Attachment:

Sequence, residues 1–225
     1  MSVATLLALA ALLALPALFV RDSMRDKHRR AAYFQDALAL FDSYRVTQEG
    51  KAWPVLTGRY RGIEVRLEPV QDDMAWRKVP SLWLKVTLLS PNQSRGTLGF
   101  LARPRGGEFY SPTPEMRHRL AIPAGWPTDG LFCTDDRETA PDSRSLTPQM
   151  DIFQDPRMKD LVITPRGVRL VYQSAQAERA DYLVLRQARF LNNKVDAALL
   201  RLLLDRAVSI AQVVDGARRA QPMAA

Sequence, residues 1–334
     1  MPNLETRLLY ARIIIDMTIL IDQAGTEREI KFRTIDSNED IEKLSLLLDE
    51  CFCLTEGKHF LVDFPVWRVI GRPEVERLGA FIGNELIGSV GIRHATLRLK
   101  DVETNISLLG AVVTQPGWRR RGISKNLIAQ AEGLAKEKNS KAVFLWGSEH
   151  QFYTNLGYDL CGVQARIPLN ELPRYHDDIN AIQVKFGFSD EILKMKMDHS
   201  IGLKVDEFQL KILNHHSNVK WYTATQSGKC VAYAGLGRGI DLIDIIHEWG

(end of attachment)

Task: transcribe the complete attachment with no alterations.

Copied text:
Sequence, residues 1–225
     1  MSVATLLALA ALLALPALFV RDSMRDKHRR AAYFQDALAL FDSYRVTQEG
    51  KAWPVLTGRY RGIEVRLEPV QDDMAWRKVP SLWLKVTLLS PNQSRGTLGF
   101  LARPRGGEFY SPTPEMRHRL AIPAGWPTDG LFCTDDRETA PDSRSLTPQM
   151  DIFQDPRMKD LVITPRGVRL VYQSAQAERA DYLVLRQARF LNNKVDAALL
   201  RLLLDRAVSI AQVVDGARRA QPMAA

Sequence, residues 1–334
     1  MPNLETRLLY ARIIIDMTIL IDQAGTEREI KFRTIDSNED IEKLSLLLDE
    51  CFCLTEGKHF LVDFPVWRVI GRPEVERLGA FIGNELIGSV GIRHATLRLK
   101  DVETNISLLG AVVTQPGWRR RGISKNLIAQ AEGLAKEKNS KAVFLWGSEH
   151  QFYTNLGYDL CGVQARIPLN ELPRYHDDIN AIQVKFGFSD EILKMKMDHS
   201  IGLKVDEFQL KILNHHSNVK WYTATQSGKC VAYAGLGRGI DLIDIIHEWG